When a sports agent has a moral epiphany and is fired for expressing it, he decides to put his new philosophy to the test as an independent agent with the only athlete who stays with him and his former secretary.
Cuba Gooding Jr.,
As students at the United States Navy's elite fighter weapons school compete to be best in the class, one daring young pilot learns a few things from a civilian instructor that are not taught in the classroom.
A New York City doctor, who is married to an art curator, pushes himself on a harrowing and dangerous night-long odyssey of sexual and moral discovery after his wife admits that she once almost cheated on him.
Incarcerated and charged with murder, David Aames Jr. is telling the story of how he got to where he is to McCabe, the police psychologist. That story includes: being the 51% shareholder of a major publishing firm, which he inherited from his long deceased parents; the firm's board, appointed by David Aames Sr., being the 49% shareholders who would probably like to see him gone as they see him as being too irresponsible and immature to run the company; his best bro friendship with author, Brian Shelby; his "friends with benefits" relationship with Julie Gianni, who saw their relationship in a slightly different light; his budding romance with Sofia Serrano, who Brian brought to David's party as his own date and who Brian saw as his own possible life mate; and being in an accident which disfigured his face and killed the person who caused the accident. But as the story proceeds, David isn't sure what is real and what is a dream/nightmare as many facets of the story are incompatible to ...Written by
David Aames lives in The Dakota, the famed New York City apartment building where John Lennon lived (and died). The interior was built on a set, and the exterior seen briefly at the start of the film was shot without a permit, as the residents do not allow filming on the premises. See more »
In the car crash scene: one shot (from inside the car) shows the car about to hit the wall, and then it switches to an exterior shot of the car, and it's halfway between the bridge and the wall. See more »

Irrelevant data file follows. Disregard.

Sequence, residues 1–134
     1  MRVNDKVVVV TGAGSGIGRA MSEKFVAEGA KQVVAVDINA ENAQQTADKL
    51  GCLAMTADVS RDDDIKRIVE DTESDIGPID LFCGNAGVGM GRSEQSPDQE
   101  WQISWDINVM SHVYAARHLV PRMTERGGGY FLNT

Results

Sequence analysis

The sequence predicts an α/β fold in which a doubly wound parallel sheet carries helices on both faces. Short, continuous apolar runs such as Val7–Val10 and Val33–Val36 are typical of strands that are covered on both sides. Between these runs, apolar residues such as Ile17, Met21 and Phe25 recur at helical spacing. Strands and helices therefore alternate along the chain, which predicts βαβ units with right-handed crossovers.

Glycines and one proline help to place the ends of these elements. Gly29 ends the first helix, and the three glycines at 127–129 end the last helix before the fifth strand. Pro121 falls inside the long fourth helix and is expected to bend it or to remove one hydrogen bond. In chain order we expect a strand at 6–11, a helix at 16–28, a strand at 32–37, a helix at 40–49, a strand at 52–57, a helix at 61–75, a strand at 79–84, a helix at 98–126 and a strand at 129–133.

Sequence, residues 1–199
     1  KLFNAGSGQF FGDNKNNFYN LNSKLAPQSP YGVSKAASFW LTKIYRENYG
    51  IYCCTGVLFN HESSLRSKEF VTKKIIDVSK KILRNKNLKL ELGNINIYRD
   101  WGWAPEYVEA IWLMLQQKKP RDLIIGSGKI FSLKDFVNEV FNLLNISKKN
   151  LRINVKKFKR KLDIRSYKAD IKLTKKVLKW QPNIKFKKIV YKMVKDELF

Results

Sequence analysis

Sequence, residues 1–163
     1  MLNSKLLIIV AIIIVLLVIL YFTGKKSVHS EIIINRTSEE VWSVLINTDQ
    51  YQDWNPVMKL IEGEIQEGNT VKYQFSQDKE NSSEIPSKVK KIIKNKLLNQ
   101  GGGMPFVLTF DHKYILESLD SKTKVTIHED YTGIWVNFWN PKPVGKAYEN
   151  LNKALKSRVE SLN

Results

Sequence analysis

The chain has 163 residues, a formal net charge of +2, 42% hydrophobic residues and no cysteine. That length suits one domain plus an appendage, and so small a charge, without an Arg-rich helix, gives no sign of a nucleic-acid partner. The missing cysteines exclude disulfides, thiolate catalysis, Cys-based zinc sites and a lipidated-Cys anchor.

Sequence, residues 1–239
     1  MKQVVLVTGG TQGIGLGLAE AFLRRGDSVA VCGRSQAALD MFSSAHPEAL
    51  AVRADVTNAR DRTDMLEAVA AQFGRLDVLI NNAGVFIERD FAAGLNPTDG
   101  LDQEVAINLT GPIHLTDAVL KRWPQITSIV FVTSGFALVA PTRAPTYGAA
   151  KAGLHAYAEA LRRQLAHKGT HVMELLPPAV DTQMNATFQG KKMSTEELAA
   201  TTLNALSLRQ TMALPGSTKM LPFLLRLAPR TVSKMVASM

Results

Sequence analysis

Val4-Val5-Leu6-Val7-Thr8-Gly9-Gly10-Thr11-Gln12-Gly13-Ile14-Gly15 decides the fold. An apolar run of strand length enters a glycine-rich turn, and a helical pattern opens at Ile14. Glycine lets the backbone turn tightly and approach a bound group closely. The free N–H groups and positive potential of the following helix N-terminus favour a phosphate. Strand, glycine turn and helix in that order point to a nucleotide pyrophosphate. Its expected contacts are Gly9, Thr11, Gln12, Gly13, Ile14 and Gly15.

Open your eyes.
Open your eyes. Open your eyes. Open your eyes. Open your eyes. Open you...
[David wakes up and pushes the snooze button on his alarm]
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There are no opening credits for the film. See more »
Three parts from the quick montage at the end of the film suggest scenes cut from the final film: two frames from a scene that was in "Abre Los Ojos" (upon which "Vanilla Sky" was based) where David shoots a police officer in front of the L.E. building, a frame of David and Sofia on a bed where Sofia is wearing a bathrobe (she never wore a bathrobe in the film), and a frame set in David's company where David is a kid, sitting on a couch, and a man (possibly Thomas Tipp) is talking to him). See more »
I have watched this film whenever my life has taken a worrying turn and it always lifts me up. The affair between David and Sophia is so beautifully handled that one can't help but be moved. All of the characters are written so beautifully and the acting excellent. The best friend, the father figure, the seven dwarfs and LE all make me watch in awe. I have never been able to watch the final scene on the rooftop without shedding a little tear and I'm a fully grown emotionally in control type of guy. The whole look of the movie is so beautifully balanced with the excellent soundtrack and all credit to Mr Crowe and Mr Cruise for making a piece of art that will fulfil and inspire me forever.
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